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  1. #1
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    Default PTO Generator Question

    I'm seriouly considering purchasing a 15KW PTO Voltmaster generator. I have a 24hp lawnmower that absolutely uses gas at a alarming rate while my 790 JD sips diesel at rated pto speed compared to the gas lawnmower. I can buy a 15KW PTO generator for less than $1200 while a motor/gen set will run around $2300 and probably use twice as much fuel for an extended run time. Is there anything pro or con about the PTO/tractor combination I should know or am missing. I have a frequency meter to set gen speed with and have a smaller 6KW generator now. The governor on the small gen. is really nothing special in relation to frequency control. Really no better than on a tiller or lawnmower. I would think once speed/ frequency is set on tractor, it would have a better governor control verses the smaller gas engine, or am I missing something. I appreciate any information or experience either way in regard to the two. Thanks - Chuck

  2. #2
    Super Member JB4310's Avatar
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    J.D. 4310 E-hydro

    Default Re: PTO Generator Question

    There are alot of threads on this subject but I don't know how to link to them, I learned a great deal here while I was in the process of getting a pto gen, I got a 10 KW IMD brand.as far as the governor goes I can give my own experience, I experimented with mine on an old ford 1700 diesel and a newer JD 4310, it not just set it and go, the tractors gov will not compensate for the wide swings of 5-10 KW you will have to manually adjust throttle a little, the newer tractor was a little better but still required manual input.
    If the load was constant then that obviously would be better,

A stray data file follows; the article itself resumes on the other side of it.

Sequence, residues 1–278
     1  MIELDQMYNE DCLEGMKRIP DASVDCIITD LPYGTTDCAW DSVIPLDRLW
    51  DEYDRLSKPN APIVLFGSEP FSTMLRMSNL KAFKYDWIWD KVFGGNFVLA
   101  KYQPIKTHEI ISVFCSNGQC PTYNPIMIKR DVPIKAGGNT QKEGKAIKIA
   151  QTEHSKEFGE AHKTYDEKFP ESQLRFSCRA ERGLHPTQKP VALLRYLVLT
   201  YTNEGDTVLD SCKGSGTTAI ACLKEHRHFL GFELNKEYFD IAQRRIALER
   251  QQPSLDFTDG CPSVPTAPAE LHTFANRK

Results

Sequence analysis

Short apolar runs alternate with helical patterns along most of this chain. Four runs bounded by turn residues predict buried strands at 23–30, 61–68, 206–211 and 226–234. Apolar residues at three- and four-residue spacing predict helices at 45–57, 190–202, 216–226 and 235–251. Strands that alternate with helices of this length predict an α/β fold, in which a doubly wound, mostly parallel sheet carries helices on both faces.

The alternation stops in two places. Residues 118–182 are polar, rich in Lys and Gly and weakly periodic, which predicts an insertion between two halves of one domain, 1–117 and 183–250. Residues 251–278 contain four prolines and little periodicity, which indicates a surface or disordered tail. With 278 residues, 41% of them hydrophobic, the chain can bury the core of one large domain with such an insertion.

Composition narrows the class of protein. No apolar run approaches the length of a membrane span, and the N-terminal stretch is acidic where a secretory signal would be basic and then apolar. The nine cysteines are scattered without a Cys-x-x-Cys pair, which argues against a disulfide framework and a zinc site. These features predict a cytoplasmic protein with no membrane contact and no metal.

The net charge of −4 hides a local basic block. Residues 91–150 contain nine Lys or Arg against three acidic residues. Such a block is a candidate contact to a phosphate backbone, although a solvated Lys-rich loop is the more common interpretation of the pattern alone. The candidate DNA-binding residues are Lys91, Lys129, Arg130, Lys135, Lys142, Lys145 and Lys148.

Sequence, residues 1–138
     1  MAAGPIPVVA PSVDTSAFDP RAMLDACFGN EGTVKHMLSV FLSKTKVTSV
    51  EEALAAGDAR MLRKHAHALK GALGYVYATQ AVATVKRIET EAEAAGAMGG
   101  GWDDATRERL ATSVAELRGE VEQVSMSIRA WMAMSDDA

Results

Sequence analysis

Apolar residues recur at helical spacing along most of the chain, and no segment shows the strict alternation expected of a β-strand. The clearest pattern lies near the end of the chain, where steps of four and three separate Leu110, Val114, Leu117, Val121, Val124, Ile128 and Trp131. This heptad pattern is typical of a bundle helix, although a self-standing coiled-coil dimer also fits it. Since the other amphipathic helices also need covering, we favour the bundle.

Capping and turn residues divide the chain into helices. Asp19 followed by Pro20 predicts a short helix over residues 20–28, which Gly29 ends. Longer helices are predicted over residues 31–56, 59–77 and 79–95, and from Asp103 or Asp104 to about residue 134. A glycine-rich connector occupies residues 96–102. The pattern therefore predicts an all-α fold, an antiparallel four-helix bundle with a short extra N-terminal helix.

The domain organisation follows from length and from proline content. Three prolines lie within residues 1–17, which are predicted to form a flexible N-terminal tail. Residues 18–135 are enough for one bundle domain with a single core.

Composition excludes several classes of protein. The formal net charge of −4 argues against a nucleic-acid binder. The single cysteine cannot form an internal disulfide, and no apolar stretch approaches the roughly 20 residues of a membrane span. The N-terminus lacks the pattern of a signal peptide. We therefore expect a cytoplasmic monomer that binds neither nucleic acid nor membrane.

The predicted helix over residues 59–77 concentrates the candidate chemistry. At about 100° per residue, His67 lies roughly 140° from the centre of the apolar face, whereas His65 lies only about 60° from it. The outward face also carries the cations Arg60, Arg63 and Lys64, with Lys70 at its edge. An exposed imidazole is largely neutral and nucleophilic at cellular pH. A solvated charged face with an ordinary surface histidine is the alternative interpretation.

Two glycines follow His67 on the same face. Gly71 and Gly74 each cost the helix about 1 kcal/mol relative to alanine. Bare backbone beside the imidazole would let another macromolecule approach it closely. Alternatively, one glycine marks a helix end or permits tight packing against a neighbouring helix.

Like I said there is alot of great info here, you'll have to search a little or maybe someone can link some of the threads.
    Your 790 has around 30 pto hp? so 15 kw would not be to big as the gen rule is 2 hp per kw, I kinda wish now that I got the 15 kw as the heavier mass spinning probabbly makes it easier on the governor especially with a 10 kw draw, would run cooler to.

    As far as the pro and con goes there's alot of that, it almost turns into a fight when really it should be just a personal preference.
    this might link you to a recent discussion

    http://www.tractorbynet.com/forums/a...generator.html
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  3. #3
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    central New York
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    all makes and models

    Default Re: PTO Generator Question

    Most of the time to hit the horsepower to the KW will cover you for your needs. All engines work a little different on reponse time of the load, some are quick and some are slower, some give more then enough and some are al little short on torque reponse! The two horsepower per KW should cover you! For your tester, you might not aways want to look!

  4. #4
    Epic Contributor Soundguy's Avatar
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    Default Re: PTO Generator Question

    I'd add that the larger the rotational mass of the genny and engine driving it, the less rpm/freq variation there will be when a load demand comes up.. remember the flywheel stores energy.. besides.. I'd much rather rely on the governor on my tractor than the governor on some whizz-bang (essentially) souped up gass lawnmower engine..

    soundguy

  5. #5
    Super Member
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    JD2010, Kubota3450,2550, Mahindra 7520 w FEL w Skid Steer QC w/Tilt Tatch, & BH, BX1500

    Default Re: PTO Generator Question

    The problem with many of the less expensive pto gens is the large speed increase [from 540 to 3600] that is needed. In these cases the driven gear on the gen shaft is very small. This arrangement is inefficient. These gearboxes run hot. This is an indication that a lot of power is wasted in the drive - - in the 10% range. They are still a good reliable power source, just more wasteful than a direct drive setup.